The Rev. Paul Jeffrey is a United Methodist missionary who writes about the work of the church around the world as senior correspondent for Response, the magazine of United Methodist Women. Paul also provides coverage of emergencies for the ACT Alliance, a Geneva-based global alliance of churches responding to disasters.
After living in Central America for 20 years, Paul and his family moved to the Pacific Northwest in 2004, but his writing continues to focus on similar themes, including how Christians and Christian communities struggle for justice and peace in the midst of repression, violence, and rapid economic and social change.
Paul has filed stories from more than 65 countries in Latin America, the Caribbean, Africa, and Asia, writing about everything from hurricanes to health care, from massacres to indigenous rights, from refugees to ecumenism. In the course of his work, Paul has been trapped in combat, tear-gassed and shot at, taken prisoner by soldiers, beaten by police, and gotten sick from what he calls "every intestinal disorder known to modern science." He's also had what he terms the "privilege of witnessing the poor become subjects of their own history rather than the objects of someone else's history."
"I often write about what people of faith are doing to empower people at the margins to live the abundant life that's promised to them in the Gospel. I focus on why they're doing that and what the consequences of that work may be for ordinary women and men in the pews," says Paul. "When I do that well, people in the global north begin to understand how we are intrinsically linked to our sisters and brothers in the global south, not just because they share the same Gospel, but also because they share an international economic system that manufactures poverty and injustice for the majority."
Paul's writing has also appeared in magazines such as the Christian Century and the National Catholic Reporter. He is the author of Recovering Memory, a book about the churches' role in the Guatemalan peace process; the book inspired "Precarious Peace," a documentary video about the church in Guatemala. He has also written chapters for two different books on the region, and is coauthor of a study of the effects of Hurricane Mitch on the economics and political culture of Honduras.
Paul's photos have appeared in countless church and ecumenical publications, as well as in newspapers such as the Washington Post, Boston Globe, Wall Street Journal, Toronto Globe and Mail and The Guardian. Magazines such as Sierra, National Geographic Explorer and Time have featured his images. Paul’s photos have also been used by organizations ranging from the World Bank, World Health Organization and UNESCO to the UN Population Fund, World Meteorological Organization, the Johns Hopkins Bloomberg School of Public Health, and the Women in War Program of the Harvard Humanitarian Initiative. A book with his photos from the Darfur region of Sudan - Where Mercy Fails - was published in 2009. A 2011 book on Haiti - Rubble Nation - features his images.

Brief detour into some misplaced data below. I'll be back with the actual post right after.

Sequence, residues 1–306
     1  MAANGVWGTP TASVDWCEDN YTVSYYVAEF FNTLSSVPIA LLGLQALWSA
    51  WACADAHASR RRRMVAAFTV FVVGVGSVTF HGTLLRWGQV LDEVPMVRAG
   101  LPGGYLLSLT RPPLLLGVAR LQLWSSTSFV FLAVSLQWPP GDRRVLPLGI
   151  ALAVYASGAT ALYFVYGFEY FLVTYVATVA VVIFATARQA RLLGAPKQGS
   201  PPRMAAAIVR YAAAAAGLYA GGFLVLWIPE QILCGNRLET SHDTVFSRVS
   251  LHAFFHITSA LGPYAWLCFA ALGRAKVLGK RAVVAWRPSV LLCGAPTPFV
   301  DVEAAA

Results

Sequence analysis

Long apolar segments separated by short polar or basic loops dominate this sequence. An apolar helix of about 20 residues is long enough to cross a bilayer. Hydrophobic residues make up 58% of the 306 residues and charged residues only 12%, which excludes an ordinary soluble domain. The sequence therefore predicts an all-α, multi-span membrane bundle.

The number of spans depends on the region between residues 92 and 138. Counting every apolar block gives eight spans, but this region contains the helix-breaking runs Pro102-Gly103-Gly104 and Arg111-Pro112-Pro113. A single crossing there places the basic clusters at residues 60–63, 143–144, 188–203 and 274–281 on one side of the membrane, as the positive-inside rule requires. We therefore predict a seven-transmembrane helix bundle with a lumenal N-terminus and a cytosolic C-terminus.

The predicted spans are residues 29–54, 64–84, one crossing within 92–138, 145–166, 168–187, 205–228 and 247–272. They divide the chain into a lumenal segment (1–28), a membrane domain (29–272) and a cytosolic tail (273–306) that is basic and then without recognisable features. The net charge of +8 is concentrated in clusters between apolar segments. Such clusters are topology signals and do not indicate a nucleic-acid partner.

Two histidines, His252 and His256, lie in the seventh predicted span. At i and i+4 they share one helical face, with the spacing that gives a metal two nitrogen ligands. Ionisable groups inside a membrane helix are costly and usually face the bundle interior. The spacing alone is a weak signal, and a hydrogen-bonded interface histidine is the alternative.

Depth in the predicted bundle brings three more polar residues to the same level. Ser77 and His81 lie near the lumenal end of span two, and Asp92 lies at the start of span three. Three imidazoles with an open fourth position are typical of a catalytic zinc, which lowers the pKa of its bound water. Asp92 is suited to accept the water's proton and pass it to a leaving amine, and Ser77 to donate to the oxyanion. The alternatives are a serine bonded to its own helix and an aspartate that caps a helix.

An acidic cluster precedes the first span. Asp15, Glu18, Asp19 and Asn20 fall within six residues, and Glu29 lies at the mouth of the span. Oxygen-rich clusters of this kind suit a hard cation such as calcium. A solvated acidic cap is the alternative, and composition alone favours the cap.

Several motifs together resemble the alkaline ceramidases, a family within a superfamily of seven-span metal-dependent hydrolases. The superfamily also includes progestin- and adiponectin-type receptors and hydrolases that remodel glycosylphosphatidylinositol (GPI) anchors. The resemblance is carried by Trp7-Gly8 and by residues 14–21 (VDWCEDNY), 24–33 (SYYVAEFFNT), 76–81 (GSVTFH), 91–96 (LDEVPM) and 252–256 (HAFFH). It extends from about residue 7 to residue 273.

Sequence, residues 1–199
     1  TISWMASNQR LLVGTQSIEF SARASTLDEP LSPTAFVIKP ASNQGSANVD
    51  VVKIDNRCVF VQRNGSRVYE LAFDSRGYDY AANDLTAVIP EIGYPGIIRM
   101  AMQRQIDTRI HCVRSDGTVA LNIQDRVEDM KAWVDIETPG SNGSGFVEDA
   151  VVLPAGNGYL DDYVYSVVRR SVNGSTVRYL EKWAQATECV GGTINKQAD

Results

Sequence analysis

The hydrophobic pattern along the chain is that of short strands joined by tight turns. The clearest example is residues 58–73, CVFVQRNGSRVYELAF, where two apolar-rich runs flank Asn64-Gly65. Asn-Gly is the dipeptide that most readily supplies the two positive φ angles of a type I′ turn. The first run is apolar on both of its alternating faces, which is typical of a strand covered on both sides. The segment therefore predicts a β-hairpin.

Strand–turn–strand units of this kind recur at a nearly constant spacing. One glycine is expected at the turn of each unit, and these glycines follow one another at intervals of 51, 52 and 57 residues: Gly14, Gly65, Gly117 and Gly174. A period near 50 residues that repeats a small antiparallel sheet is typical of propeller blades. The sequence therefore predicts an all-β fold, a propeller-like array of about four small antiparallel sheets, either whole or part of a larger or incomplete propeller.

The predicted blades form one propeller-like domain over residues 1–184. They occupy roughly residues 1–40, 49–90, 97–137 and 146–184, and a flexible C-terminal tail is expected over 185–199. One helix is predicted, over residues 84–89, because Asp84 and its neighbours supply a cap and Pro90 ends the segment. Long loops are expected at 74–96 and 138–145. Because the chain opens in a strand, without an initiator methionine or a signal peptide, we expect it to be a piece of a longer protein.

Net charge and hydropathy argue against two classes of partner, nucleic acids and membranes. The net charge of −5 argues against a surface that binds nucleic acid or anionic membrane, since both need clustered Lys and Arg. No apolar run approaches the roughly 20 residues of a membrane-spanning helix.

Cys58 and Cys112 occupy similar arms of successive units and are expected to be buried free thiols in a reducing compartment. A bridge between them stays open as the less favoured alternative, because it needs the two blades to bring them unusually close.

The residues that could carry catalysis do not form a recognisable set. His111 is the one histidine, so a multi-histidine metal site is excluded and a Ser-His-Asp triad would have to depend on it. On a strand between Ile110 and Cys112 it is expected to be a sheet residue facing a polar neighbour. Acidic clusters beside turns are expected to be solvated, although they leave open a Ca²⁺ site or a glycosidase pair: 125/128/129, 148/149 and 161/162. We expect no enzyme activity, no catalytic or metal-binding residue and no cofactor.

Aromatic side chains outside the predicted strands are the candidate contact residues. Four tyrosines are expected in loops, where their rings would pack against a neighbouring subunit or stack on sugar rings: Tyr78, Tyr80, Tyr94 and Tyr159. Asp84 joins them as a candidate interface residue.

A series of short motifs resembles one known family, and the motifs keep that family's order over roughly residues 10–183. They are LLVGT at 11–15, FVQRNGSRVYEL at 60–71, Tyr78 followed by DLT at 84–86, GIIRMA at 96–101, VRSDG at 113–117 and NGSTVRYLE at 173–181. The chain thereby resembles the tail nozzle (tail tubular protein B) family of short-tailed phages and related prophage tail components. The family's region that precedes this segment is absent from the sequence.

Paul has won several awards for his writing and photography, including the top annual photography award of the United Methodist Association of Communicators (14 times), the top annual writing award of the same association (10 times). Four times he has won the Eileen Egan Award for Journalistic Excellence from Catholic Relief Services. He has received the top annual magazine photography award of the Associated Church Press, as well as awards for the best international news writing and the best photo story from the Catholic Press Association.
Paul has interviewed hundreds of important newsmakers ranging from Jimmy Swaggart to Evo Morales. He has himself been interviewed by journalists ranging from Bill Moyers to Amy Goodman.
As part of his assignment with the ACT Alliance, Paul assists in training nongovernmental organizations in communications strategies and practices to be implemented following emergencies.
Before his current assignment, Paul and his wife, the Rev. Dr. Lyda Pierce, served as missionaries in Nicaragua, Guatemala, and Honduras. Lyda is currently the missionary for development of Hispanic and Latino ministries in the Pacific Northwest Conference. Paul and Lyda have two adult children, Lucas and Abigail.
A native of Vancouver, Washington, Paul is an ordained elder in the Pacific Northwest Annual Conference. He served two rural churches in western Washington State before moving to Central America in 1984. He has a Bachelor of Arts in literature and political science from The Evergreen State College in Olympia, Washington, and a Master of Divinity from Pacific School of Religion, part of the Graduate Theological Union in Berkeley, California. In 2001, Paul and Lyda were named distinguished alums of Pacific School of Religion.
Missionary Code # 009541-2NZ
updated jan 2013